Emergency Drone Response Aids in 20 Arrests

Drones have supported California police in 20 arrests since October as part of a research and demonstration effort supported by the Federal Aviation Administration (FAA).

The Chula Vista Police Department and Cape Aerial Telepresence have been working together to send unmanned aircraft ahead of police responding to emergency calls to both test the usefulness of having advance aerial footage and work out real-world operational parameters. The team has done 282 flights so far, showing safe operations over 75 hours of flight time with no incidents, Cape said in a press release. The drones are being used for upwards of 10 hours per day, four days a week, with plans to increase over time.

The group is part of the San Diego Integration Pilot Program team, one of 10 teams working with the FAA to research and test real-world applications. Under the IPP researchers, companies and officials from state, local and tribal government work closely with the FAA, getting their advice and priority in securing flight waivers. In return the teams submit their flight results to the agency to help the FAA determine safe ways to integrate drones into the air space and develop new regulations based on in-the-field test data.

The drones are dispatched to high-priority calls such as crimes in progress, fires, traffic incidents, and reports of dangerous subjects, in close proximity of the CVPD headquarters. The aircraft typically arrive on scene well before the responding officers who can view the live stream en route to the scene on their mobile devices.

The teleoperator in the command center can maneuver the drone and the camera remotely in real-time in order to gain the exact visibility needed. Photos courtesy of Cape Aerial Telepresence.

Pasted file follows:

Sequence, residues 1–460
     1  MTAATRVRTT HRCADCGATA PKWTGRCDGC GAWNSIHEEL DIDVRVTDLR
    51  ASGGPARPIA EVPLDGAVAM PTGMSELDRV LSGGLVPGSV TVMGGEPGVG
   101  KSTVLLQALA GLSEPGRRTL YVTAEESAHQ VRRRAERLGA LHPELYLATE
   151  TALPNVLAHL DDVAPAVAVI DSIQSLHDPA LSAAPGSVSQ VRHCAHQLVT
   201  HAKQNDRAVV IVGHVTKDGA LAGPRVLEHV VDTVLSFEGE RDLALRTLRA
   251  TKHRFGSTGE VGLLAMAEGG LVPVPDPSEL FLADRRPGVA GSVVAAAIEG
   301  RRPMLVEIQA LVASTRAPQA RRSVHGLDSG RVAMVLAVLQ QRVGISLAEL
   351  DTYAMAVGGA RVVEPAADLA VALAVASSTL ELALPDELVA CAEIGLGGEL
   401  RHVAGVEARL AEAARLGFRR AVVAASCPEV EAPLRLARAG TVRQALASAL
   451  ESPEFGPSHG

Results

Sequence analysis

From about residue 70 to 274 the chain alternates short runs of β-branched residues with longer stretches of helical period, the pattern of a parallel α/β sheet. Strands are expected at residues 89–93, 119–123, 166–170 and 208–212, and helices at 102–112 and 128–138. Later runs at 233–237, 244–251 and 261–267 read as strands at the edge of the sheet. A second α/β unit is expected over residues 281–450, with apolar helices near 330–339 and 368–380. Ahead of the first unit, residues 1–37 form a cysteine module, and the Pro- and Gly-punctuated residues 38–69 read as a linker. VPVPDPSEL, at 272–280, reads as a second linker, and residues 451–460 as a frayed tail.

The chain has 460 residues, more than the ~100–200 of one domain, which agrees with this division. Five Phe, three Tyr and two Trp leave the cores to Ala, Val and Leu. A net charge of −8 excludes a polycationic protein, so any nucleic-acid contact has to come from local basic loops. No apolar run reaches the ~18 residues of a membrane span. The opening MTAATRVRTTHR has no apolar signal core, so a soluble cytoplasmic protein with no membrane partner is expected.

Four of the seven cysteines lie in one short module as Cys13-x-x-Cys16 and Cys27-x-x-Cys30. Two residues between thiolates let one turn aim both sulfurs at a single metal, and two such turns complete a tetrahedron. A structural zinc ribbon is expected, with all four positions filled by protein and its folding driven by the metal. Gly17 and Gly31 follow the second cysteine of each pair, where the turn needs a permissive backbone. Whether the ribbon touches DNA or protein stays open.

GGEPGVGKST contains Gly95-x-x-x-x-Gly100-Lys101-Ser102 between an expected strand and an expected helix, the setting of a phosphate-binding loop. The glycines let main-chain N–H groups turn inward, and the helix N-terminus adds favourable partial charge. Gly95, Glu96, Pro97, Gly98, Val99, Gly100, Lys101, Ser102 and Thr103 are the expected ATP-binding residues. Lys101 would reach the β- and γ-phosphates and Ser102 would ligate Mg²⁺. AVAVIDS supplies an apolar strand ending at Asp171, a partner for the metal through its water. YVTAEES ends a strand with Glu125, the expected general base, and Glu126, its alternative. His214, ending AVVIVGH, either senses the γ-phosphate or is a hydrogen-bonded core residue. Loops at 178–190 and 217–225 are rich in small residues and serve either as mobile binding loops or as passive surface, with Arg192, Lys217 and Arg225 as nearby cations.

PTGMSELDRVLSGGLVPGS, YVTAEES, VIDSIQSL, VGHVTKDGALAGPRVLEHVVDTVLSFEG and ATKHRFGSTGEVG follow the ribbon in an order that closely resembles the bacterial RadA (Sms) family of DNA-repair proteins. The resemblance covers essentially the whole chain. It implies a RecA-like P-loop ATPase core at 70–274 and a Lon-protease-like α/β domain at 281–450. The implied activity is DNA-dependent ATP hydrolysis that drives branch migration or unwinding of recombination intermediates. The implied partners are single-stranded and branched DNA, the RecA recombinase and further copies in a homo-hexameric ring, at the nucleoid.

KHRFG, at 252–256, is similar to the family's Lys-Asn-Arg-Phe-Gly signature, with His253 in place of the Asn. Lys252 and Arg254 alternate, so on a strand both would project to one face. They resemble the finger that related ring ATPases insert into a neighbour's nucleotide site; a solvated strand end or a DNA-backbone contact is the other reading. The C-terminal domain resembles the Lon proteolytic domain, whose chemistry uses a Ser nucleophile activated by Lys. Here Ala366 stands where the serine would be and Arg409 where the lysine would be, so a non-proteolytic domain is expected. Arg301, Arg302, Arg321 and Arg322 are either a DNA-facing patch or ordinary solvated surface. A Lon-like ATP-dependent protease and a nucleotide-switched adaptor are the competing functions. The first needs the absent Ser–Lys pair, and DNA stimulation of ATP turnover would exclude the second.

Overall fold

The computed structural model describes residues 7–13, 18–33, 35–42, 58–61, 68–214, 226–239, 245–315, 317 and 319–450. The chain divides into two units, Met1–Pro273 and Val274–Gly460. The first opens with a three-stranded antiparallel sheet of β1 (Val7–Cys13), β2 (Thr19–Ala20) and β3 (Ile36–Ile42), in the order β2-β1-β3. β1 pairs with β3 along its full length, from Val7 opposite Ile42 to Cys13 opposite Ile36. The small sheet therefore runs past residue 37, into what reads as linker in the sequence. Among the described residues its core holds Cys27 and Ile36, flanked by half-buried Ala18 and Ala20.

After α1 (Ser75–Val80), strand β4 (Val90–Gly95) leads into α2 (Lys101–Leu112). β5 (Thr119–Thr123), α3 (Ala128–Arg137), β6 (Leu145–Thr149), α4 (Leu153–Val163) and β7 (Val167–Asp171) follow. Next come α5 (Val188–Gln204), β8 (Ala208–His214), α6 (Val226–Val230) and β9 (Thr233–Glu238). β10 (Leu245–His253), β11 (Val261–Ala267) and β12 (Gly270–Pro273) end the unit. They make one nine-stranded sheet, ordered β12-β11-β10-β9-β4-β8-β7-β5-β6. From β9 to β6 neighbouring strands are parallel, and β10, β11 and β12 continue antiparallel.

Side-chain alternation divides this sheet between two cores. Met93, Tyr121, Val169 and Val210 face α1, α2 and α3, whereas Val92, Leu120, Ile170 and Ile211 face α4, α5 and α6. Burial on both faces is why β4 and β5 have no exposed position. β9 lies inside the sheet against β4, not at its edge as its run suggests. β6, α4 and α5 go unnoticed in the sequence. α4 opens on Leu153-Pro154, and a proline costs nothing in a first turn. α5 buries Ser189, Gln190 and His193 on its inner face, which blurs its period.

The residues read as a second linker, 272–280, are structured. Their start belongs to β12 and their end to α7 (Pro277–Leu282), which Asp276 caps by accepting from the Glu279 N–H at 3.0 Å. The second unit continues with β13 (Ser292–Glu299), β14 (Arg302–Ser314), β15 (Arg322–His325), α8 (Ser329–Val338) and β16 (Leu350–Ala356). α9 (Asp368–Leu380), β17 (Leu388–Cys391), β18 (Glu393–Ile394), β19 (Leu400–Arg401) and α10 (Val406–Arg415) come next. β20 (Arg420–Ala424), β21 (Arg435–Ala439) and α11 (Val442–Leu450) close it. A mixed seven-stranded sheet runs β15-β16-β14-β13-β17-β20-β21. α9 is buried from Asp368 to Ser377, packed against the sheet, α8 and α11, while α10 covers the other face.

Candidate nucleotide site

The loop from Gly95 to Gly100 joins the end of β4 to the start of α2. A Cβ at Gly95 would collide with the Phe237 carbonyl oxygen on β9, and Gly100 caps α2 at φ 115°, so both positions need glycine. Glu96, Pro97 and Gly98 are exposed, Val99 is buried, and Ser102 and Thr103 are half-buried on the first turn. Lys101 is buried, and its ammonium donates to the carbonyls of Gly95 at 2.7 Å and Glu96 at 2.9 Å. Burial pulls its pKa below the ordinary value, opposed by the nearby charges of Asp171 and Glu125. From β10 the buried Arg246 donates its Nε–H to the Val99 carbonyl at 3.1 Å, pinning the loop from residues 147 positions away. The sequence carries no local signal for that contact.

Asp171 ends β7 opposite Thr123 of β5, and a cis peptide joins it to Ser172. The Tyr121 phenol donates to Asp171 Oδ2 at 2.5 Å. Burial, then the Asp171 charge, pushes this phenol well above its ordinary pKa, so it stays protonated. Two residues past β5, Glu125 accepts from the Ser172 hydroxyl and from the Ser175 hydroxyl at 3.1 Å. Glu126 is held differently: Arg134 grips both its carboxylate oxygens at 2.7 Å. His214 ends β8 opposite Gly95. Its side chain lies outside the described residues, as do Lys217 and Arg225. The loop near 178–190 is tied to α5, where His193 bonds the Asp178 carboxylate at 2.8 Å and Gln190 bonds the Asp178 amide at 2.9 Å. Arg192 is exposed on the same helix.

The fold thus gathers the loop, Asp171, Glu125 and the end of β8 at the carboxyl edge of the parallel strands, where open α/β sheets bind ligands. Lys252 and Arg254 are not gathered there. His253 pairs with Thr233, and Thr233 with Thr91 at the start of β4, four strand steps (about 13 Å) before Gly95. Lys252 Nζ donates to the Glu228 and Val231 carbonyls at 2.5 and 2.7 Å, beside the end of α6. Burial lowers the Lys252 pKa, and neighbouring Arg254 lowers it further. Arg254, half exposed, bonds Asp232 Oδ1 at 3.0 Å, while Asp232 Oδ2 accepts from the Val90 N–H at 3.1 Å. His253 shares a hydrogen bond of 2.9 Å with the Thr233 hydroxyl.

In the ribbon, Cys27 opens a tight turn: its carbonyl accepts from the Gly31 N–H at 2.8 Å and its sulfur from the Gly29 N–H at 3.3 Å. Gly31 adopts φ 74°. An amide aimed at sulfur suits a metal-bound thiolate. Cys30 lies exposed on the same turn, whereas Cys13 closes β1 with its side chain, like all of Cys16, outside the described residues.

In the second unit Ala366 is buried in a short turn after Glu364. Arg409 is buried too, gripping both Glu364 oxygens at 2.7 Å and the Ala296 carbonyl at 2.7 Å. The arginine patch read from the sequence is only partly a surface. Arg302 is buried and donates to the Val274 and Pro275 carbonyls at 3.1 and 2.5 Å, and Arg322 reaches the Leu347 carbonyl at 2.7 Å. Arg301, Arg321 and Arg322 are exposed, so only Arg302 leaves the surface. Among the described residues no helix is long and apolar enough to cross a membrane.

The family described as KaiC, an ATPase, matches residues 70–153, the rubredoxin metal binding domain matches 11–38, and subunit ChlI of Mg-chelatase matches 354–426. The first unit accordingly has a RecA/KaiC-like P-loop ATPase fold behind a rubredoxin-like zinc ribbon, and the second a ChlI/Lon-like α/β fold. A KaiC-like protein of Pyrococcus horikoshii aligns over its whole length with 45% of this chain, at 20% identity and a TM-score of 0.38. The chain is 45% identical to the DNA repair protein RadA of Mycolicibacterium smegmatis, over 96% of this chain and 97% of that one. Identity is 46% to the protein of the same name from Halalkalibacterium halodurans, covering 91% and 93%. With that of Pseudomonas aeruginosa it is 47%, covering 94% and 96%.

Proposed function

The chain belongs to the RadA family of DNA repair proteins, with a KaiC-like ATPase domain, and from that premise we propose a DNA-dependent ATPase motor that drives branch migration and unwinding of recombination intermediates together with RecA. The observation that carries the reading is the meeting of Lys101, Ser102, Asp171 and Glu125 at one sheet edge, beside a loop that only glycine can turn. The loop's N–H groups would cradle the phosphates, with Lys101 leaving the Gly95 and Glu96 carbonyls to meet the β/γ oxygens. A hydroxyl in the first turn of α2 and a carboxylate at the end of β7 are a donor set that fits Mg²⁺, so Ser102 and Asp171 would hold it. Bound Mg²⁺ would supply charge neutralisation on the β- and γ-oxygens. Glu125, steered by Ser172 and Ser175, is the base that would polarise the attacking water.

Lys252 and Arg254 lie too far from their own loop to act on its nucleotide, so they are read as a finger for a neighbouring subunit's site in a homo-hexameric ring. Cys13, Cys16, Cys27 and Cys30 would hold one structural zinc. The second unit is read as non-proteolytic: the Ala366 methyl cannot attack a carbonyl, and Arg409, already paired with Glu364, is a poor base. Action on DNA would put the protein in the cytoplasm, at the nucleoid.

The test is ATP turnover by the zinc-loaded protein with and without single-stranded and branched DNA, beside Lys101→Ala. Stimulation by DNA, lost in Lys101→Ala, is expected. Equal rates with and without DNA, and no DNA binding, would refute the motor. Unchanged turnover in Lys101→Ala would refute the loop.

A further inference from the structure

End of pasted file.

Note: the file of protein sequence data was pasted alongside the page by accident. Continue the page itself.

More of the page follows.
The drone’s on-board camera live streams HD video to the teleoperator in the command center, who can maneuver the drone and the camera remotely in real-time in order to gain the exact visibility needed. The operator can also communicate with the units in the field to give them information and tactical intelligence about the situation. The command center can also use the footage to better identify and dispatch resources to the scene.

“Since launching the DFR program, the program is already having a significant impact on operations and resource management. Real-time aerial visibility is critical when informing decisions, and in an emergency situation, is vital to the safety of our officers and citizens,” said Roxana Kennedy, Chula Vista chief of police.

In two cases, according to Cape, the drones were used to search for suspects — one wanted for a stabbing at a local shopping mall and another who was reported to be carrying a knife in an apartment complex. In the first case the drone replaced a helicopter. In the second case the aircraft was used toidentify the suspect and provide air support until the officers arrived and arrested them. In a third case the teleoperator was able to search a parking lot for a stolen truck based on the truck’s description and license plate. Once the truck was located and confirmed stolen the operator took photos of the people coming and going from the vehicle while officers were on their way to the scene.

‘“The Chula Vista Police Department is at the forefront of utilizing drones to enhance the science of policing,” said Chris Rittler, CEO of Cape. “As more agencies begin to adopt drone technology, Chula Vista will undoubtedly be the agency that others from across the country look to and replicate for emergency response and support.”

For additional coverage on this topic from Inside Unmanned Systems, click here.